Copenhagen Gets a Taste of San Francisco in Alicia McCarthy’s First European Solo Show
In a new body of work at V1 Gallery in Copenhagen titled “Snobody,” Alicia McCarthy presents energetic compositions characterized by a structured naiveté. Utilizing a language of abstract shapes and stacked colors, her childlike drawing style, seemingly free from formal constraints, is influenced both by modern primitivist artists such as Paul Klee and contemporaries working outside traditional systems—punks, outsider and folk artists, urban graffitists, and scavengers.
McCarthy is best known as part of an influential group of artists referred to as the “Mission School,” featured in the traveling exhibition “Beautiful Losers” (2004-06) and the 2008 documentary of the same title—and named after their home-base in San Francisco’s pre-gentrified 1990s Mission District. The works of the loosely associated group, which also includes Barry McGee and Ruby Neri, were strongly influenced by the very particular culture of the Bay Area, one that fosters individualism. Through abstract and textual forms, McCarthy and the other Mission School artists continue to embrace the lowbrow and champion the derelict. “I think the work dismantles ideas of preciousness within the art world, and these constructed value systems of what is valuable,” McCarthy has explained. “The innate elitism of the art world is something that’s bothered me mainly because I have a lot of friends that can’t afford to go to these spaces or feel outside of them…I think it’s more of an aesthetic politicism.”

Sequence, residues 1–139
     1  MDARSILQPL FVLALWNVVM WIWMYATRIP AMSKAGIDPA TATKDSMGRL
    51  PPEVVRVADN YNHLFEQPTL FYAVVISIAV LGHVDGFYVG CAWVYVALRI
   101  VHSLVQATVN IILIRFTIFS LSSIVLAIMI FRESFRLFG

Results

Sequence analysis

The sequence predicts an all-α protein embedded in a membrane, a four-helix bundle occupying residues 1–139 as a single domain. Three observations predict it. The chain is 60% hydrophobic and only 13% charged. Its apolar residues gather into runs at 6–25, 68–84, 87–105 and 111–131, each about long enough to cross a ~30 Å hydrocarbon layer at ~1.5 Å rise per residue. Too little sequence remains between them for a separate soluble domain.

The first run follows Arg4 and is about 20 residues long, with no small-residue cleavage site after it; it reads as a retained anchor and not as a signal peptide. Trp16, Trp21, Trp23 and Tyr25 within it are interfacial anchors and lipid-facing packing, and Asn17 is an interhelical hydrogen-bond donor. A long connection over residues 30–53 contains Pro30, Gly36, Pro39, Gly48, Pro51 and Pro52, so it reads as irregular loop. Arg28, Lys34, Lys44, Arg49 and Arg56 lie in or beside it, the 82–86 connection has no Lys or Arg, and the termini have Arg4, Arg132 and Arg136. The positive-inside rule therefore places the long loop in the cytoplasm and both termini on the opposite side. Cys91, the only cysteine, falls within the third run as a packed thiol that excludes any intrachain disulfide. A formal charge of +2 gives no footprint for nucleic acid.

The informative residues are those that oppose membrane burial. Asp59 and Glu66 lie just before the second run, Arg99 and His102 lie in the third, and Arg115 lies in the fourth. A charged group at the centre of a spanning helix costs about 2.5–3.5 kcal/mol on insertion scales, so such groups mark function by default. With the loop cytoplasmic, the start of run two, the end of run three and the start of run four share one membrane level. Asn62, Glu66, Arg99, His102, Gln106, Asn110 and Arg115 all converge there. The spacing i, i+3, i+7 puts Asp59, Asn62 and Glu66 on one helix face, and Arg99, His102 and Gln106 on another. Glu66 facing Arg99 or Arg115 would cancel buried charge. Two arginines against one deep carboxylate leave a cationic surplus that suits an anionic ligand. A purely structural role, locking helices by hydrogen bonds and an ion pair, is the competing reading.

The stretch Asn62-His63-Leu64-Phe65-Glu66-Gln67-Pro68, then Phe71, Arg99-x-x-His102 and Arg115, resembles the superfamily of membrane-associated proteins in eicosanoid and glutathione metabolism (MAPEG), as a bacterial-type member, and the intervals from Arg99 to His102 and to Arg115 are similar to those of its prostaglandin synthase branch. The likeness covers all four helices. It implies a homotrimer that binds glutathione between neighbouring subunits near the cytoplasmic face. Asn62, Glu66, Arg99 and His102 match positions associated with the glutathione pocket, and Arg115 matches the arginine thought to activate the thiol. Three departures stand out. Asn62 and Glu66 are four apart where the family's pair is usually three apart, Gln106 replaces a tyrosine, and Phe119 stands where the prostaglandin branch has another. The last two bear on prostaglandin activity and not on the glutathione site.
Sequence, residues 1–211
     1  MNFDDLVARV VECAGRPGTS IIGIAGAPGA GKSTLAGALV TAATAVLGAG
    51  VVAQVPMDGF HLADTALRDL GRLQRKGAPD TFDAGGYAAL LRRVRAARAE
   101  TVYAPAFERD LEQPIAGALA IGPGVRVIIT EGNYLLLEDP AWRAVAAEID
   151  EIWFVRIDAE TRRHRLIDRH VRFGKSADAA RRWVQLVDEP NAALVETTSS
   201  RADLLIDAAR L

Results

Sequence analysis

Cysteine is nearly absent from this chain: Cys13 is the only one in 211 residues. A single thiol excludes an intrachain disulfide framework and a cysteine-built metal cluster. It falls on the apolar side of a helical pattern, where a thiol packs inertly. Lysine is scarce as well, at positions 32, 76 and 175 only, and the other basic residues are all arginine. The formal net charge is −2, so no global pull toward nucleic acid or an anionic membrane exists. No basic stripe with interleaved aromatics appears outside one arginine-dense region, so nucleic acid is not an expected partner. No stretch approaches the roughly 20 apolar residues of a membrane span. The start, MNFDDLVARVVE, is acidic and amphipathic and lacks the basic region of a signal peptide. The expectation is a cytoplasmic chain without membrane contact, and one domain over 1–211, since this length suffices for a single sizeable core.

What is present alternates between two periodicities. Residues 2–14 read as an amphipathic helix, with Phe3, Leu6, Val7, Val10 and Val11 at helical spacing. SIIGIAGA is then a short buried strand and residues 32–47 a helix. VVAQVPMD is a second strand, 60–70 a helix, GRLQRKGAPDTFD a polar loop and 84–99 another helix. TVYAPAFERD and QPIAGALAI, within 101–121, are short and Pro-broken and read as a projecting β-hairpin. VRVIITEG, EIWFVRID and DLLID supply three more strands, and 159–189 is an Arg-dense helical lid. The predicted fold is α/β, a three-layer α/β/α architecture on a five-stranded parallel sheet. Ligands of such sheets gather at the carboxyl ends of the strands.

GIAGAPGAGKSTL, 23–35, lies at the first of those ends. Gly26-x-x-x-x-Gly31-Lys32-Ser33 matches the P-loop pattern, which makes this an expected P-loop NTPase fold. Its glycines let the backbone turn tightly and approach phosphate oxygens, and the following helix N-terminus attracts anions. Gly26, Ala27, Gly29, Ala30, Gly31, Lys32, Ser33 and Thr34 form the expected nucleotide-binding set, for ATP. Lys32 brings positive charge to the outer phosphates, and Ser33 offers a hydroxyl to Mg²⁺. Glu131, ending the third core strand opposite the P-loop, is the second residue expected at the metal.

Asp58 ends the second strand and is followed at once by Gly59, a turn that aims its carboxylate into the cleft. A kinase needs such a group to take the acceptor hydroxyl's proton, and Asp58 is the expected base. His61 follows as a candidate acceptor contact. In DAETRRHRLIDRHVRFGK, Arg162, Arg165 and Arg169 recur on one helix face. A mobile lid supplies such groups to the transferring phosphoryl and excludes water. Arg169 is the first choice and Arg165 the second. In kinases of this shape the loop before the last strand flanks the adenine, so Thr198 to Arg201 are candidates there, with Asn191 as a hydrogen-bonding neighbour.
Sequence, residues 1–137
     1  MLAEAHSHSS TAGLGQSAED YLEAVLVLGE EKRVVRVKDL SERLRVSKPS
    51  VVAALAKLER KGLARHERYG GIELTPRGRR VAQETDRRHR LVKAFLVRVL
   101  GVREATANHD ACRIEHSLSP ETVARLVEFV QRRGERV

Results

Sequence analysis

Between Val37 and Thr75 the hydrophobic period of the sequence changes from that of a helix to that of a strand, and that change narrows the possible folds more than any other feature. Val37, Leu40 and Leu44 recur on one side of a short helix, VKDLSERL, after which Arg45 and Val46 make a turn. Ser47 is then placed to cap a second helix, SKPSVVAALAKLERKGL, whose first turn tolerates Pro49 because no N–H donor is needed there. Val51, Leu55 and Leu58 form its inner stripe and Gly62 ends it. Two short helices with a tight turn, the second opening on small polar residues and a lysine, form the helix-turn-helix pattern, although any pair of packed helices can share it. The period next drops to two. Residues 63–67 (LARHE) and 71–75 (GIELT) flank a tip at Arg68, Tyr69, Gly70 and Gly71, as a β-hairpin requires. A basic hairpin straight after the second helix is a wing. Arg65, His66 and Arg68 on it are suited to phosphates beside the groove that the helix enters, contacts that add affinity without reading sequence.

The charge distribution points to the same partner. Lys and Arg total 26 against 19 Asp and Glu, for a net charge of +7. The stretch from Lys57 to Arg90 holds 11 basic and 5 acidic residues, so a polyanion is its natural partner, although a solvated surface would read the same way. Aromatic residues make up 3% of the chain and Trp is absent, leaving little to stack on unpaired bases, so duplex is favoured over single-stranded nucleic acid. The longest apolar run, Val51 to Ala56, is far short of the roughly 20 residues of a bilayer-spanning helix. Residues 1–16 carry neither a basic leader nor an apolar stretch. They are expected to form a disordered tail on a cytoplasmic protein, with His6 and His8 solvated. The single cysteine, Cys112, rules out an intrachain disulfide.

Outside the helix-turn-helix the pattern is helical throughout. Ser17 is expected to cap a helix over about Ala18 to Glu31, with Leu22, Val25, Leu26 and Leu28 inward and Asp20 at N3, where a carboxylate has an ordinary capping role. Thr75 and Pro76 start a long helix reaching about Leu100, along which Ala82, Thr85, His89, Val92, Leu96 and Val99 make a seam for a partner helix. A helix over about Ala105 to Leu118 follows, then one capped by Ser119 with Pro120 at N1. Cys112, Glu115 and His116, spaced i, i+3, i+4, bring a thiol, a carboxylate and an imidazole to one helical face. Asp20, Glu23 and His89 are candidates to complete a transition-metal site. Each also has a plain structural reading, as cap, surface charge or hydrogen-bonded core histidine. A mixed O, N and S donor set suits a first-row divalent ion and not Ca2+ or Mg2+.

“Snobody” is McCarthy’s first solo exhibition in Europe and features sculpture, drawings, and new paintings made with house and spray paints, colored pencil, and liquid graphite. In some works, abstract forms begin to resemble specific, often female-oriented, folk art practices, such as quilting and weaving. Other more minimal, gestural works share slapdash mark-making with graffiti, as loose-handed strokes sit restlessly against neutral backgrounds. The works are painted on found wood, which McCarthy uses both practically—as a surface to work on—and as a way in which to reject the conventions of traditional painting on white canvas with exclusive materials. Despite the changed face of today’s Mission District, “Snobody” seems to whisper to the viewer that the nonconformist eccentrics of yesterday’s San Francisco are still around and have something to say.